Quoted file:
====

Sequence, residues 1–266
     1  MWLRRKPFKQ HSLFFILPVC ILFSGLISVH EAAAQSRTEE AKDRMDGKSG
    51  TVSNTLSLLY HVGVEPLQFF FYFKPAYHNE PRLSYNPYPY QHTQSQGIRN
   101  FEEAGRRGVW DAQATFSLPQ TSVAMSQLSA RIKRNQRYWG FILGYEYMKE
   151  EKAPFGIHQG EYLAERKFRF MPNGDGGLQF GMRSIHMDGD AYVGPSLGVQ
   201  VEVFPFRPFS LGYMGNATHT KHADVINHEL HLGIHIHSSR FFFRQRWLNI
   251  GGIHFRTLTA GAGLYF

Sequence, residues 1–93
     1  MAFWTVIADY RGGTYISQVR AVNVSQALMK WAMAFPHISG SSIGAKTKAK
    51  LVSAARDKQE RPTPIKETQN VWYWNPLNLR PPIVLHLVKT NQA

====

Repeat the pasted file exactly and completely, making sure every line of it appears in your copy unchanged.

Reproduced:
Sequence, residues 1–266
     1  MWLRRKPFKQ HSLFFILPVC ILFSGLISVH EAAAQSRTEE AKDRMDGKSG
    51  TVSNTLSLLY HVGVEPLQFF FYFKPAYHNE PRLSYNPYPY QHTQSQGIRN
   101  FEEAGRRGVW DAQATFSLPQ TSVAMSQLSA RIKRNQRYWG FILGYEYMKE
   151  EKAPFGIHQG EYLAERKFRF MPNGDGGLQF GMRSIHMDGD AYVGPSLGVQ
   201  VEVFPFRPFS LGYMGNATHT KHADVINHEL HLGIHIHSSR FFFRQRWLNI
   251  GGIHFRTLTA GAGLYF

Sequence, residues 1–93
     1  MAFWTVIADY RGGTYISQVR AVNVSQALMK WAMAFPHISG SSIGAKTKAK
    51  LVSAARDKQE RPTPIKETQN VWYWNPLNLR PPIVLHLVKT NQA